When we started planning our second trip to the Big Island, one of the few “must do’s” on our list was visiting Mauna Kea summit to view the sunset. It was originally on our list on our first trip, but due to weather (one of the few days it snowed up at the summit, since it was December), we weren’t able to go the night we had scheduled, and due to our hectic schedule, we weren’t able to go on another night.
So this time around, we made sure that we could do this. We were visiting in the spring, so the chance of snow was remote, and we were based out of one hotel on our second trip, and our schedule was flexible enough to go on a second night if we could’t get our preferred date.
We made the decision to take a tour to the summit, rather than go on our own. Yes, it is possible for individuals to visit the summit. However, they MUST have a 4WD vehicle to drive up there, because there is no way a 2WD vehicle will last all the way up and down the winding, gravel road. Since we didn’t rent a 4WD vehicle, it just made everything easier to do a tour.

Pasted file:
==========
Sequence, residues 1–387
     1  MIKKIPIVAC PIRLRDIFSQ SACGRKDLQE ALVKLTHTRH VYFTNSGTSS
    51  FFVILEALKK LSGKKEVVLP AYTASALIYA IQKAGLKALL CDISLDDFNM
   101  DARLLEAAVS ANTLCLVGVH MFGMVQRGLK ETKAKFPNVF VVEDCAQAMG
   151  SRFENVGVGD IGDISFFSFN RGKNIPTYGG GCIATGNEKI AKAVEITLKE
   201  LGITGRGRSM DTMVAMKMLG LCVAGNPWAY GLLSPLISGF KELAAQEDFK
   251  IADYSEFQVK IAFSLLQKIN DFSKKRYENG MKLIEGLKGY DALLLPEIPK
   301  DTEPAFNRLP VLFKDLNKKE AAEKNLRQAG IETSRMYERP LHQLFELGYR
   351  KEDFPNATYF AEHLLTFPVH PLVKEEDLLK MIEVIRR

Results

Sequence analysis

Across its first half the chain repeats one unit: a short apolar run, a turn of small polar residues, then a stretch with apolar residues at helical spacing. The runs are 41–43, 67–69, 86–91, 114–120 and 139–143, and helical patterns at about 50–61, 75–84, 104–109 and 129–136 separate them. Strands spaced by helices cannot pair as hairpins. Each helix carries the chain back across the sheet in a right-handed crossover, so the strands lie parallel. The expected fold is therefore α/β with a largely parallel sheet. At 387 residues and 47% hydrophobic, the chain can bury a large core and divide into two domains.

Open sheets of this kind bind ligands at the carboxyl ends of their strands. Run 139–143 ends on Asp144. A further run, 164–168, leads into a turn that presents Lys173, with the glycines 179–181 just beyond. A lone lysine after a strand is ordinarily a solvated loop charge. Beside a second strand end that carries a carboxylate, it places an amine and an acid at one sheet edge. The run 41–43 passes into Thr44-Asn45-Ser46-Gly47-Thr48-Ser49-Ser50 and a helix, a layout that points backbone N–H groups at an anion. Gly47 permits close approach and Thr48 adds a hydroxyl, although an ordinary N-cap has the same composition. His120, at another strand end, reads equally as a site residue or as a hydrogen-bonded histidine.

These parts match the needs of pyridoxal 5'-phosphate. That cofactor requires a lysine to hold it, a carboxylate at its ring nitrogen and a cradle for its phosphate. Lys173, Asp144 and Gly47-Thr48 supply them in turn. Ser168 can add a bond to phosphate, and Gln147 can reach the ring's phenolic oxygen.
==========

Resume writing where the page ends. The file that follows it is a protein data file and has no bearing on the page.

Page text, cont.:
We selected a tour with Maui Forest and Trail because it was well recommended in our guide book, their Summit and Stars Adventure Tour in particular. We wanted to see the sunset from the mountain, and have the opportunity to see some of the stars from the visitor center. Due to the lack of light pollution on Mauna Kea and the surrounding area, it is very easy to see many, many stars on clear nights. The tour lasts several hours, because it first involves a stop at an abandoned sheep shearing station to eat a nice, picnic dinner. The sheep shearing station reminded me of one of those abandoned, haunted farms that come alive during the Halloween season. All the place needed was a corn maze and a psycho with chainsaw to complete the eerie, creepy atmosphere.After dinner, our van headed up the mountain road, with only a brief stop at the visitor center at 9,000 feet. The ride up is slow, but steady. The road is paved up to the visitor center, but the road from the center to the summit (about five miles) is not paved for the most part, (except for the final stretch just before you reach the summit).We got up there about 30 minutes before sunset, so we had some time to walk around and look at the panoramic view. Of course, due to the fact that the summit is around 13,803 feet, you can’t really move too fast without feeling the effects of the altitude. The sun was still bright on the horizon, but the shadows were lengthening. Because of the high altitude, the clear air, and the lack of light pollution, Mauna Kea is home to many powerful telescopes to look at the sky. The summit is surrounded by them, and you can see them everywhere. It was also a remarkable change from being down at the beach. It was warm (somewhere in the 80s) at sea level, but it is very cold (near freezing) at the summit. Make sure you dress warmly, because you are going to need it (my tour offered up winter parkas and warm gloves for the duration of the tour).After the sun slipped below the horizon, darkness fell pretty quickly. We didn’t have too much time to stay after the sun set, because all visitors must descend from the summit no later than 30 minutes after sunset, so vehicle lights don’t interfere with the work of the telescopes.By the time we descended to the visitor center, it was completely dark. At first, we were a bit skeptical that we would be able to see any stars, because of the cloud cover. However, after a while, the clouds lifted enough for us to see the stars. Our guide set up his telescope, and we took turns looking at all the different heavenly bodies he pointed out to us. A tour will last around eight hours from afternoon pickup, to a dropoff late at night. However, we felt the cost (around $200 per person) and the time were worth it, since we were finally able to see the colorful majesty that is a Mauna Kea sunset.